Having moved entirely over to a LAMP platform professionally, and getting good at the security nuances plus everything else, I reminisced a little about some of the creature comforts I missed in C#, like operators for default null variables. But when I discovered Time Machine on my Mac, there was no going back – until the company switched directions and I got thrown back into .NET development.

That’s right – back to .NET, and deep into the Windows Azure cloud. I dealt with things like figuring out which is better – table storage or SQL Azure, and figuring out the nuances of their multiple SLAs, and how to ensure we actually have Azure Compute instances on-line when it hits the fan. At this point I have a pretty good handle on Azure’s strengths and weaknesses and my overall impression of the platform is very positive. If I continue building sites on the Microsoft stack, I would definitely continue to use Azure – it seems more expensive than other options at first glance, but it has some serious computing power behind it and takes the majority of administration headaches off of my plate. It really has enabled me to, for the most part, just focus on development whereas I was spending an increasing amount of my work day on system administration issues when supporting the LAMP platform.

Scalability and high availability have been on my mind a lot, and I’ve been looking into some more ‘off-beat’ database solutions like Drizzle for my transactional needs, as well as speeding up existing deployments by moving as much as possible into RAM. There’s always a battle between changing the way we work to take advantage of the new paradigm or changing our existing configuration to get some more life out of it.

The whole cloud computing buzz feels tired but has enabled a whole new class of online business. If you have a lot of commodity hardware you can achieve, very cheaply, feats that were only possible with an expensive dedicated network just a few years ago. Sure, it adds a lot of new choke points you will need good people to help sort through, which is giving rise to a whole new sub-category of programmer specialization to make hiring in 2012 even more challenging.

There is a downside to all the cloud computing, though, as we learned during the high profile Amazon failures – backups are important. This includes geographically-redundant systems that most organizations don’t have the experience to deal effectively with just yet. Even so, the biggest lesson I learned was never let your server run into swap space or your performance will nose-dive. The growth of this site even prompted me to move more of the site into memory which prevented me from needing to spend a lot of money upgrading my infrastructure.

Social media continues to grow, with companies realizing they can’t control its effect on their business in traditional ways and less-than-useless cons ruining it for everyone by selling CEOs on cheap gimmicks.

Since my third child was born in February, I’ve definitely taken some time to sotp and reflect on what I want to work on, why I want to keep working, and what the next steps are career-wise and life-wise. I want to provide the best that I can for my family and 2012 is going to see a radical course change as I start to shift gears and begin building something that will really last, even outlast me. When will my website start paying my bills? I don’t expect it will.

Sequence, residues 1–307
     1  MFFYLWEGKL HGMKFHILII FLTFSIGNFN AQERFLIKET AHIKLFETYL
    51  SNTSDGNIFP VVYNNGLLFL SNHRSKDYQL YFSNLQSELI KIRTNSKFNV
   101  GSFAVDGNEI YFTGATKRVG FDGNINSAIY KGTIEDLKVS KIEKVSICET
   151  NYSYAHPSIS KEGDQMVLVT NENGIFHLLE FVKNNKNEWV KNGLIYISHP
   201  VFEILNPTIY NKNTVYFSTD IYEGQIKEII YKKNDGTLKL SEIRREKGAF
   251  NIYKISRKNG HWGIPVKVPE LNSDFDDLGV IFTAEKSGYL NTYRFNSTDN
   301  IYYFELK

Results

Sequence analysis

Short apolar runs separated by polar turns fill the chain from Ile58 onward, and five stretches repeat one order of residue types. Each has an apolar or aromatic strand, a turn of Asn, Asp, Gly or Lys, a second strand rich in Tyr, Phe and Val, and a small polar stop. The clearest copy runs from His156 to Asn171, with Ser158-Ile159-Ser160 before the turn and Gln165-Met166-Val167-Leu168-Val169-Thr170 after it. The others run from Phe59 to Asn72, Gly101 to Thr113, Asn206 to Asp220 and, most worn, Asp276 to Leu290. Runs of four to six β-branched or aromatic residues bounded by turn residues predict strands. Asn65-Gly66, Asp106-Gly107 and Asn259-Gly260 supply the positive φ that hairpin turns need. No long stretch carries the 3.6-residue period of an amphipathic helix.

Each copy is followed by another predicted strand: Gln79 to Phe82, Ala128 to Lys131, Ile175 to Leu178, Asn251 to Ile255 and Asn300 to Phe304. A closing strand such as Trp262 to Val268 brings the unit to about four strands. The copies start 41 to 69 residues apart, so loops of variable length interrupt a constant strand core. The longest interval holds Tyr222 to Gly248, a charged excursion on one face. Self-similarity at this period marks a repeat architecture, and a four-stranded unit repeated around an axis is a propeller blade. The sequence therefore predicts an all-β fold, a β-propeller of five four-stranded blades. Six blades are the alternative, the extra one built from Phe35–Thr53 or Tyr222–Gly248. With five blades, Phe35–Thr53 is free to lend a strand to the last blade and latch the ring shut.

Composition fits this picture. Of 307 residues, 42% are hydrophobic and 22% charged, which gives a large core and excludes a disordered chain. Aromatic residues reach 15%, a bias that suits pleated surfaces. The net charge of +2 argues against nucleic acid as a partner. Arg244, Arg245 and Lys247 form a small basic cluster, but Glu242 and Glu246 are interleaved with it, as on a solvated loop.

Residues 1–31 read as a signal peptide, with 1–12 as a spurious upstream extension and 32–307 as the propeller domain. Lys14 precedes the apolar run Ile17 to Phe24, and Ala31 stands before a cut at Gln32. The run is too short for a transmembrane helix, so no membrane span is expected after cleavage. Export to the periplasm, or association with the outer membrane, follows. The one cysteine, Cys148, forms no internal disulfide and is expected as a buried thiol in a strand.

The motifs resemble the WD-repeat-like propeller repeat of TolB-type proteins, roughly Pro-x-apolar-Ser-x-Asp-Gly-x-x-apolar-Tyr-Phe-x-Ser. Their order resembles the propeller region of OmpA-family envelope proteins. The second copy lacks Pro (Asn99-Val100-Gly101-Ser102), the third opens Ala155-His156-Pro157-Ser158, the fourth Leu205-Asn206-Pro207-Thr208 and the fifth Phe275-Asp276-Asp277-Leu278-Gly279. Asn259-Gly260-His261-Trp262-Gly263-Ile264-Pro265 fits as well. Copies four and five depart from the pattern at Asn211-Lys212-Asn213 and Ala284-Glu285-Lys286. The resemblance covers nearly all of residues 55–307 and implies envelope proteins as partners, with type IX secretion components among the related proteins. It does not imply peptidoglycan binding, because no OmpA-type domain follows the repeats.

I learned a lot by running dozens (over a hundred?) job interviews in the past two years. Ignoring the old adage that you shouldn’t judge a book by it’s cover, I learned that you can tell with pretty good accuracy whether or not someone will be a good match for your company within the first five minutes of an interview. I’m less interested in hiring people with domain knowledge than I am in surrounding myself with the most intelligent developers I can find – one is a skill that can be taught, the other is an aptitude candidates need to bring to the table. Really, when it comes down to it, what I really want is for people I hire to stand up for themselves (since they are adults) and make me look good by being awesome at what they do.

I also learned a lot by being responsible for some very large projects; things like the importance of continuous integration.

What’s next in 2012? Look for mobile device use to continue growth – every developer who plans to stay employed needs to know something about mobile development, because it’s going to be ubiquitous with regular desktop programming very soon. Now that version 0.6 has been released with Windows support is Node.js ready for prime-time? I had the opportunity to play with it a lot over the past few month – look for a book early in the new year co-authored by yours truly.

How to Get Recommendations on LinkedIn

Tuesday, August 9th, 2011

Used properly, LinkedIn is an incredible tool for finding new opportunities and connecting with potential employers. As your network grows over time and people move on to bigger and better things, the connections you make in the early days can easily be worth hundreds of thousands of dollars in terms of salary and other business opportunities.

LinkedIn has three things going for it:

  1. A thorough resume builder that is intuitive and begs to be completed
  2. An easy way to find and connect to professional colleagues
  3. Peer recommendations – this is what makes LinkedIn valuable

People who compare LinkedIn, Twitter, Google+ and Facebook are missing the point. Users of each network are seeking different experiences, and LinkedIn serves an excellent purpose when used “properly” as a networking tool.

Beyond giving a plain resume (which is, by its very nature, more detailed and relevant than most of the bad paper resumes I see day-to-day), LinkedIn’s user recommendations option gives potential employers a more organic view into what it would be like working with you, as seen by your colleagues.

There are a lot of elements that go into a good recommendation, but the goal should be to strike a balance between supervisor, co-worker and subordinate recommendations. For example, your direct boss may say you’re an excellent manager, but what about the people reporting to you? A vote of confidence from all levels gives a much clearer picture than a potentially biased recommendation from a single source.

The beauty of recommendations is that you must receive them from people connected to you, which means requesting them in some way. If you don’t have any recommendations already, how do you start?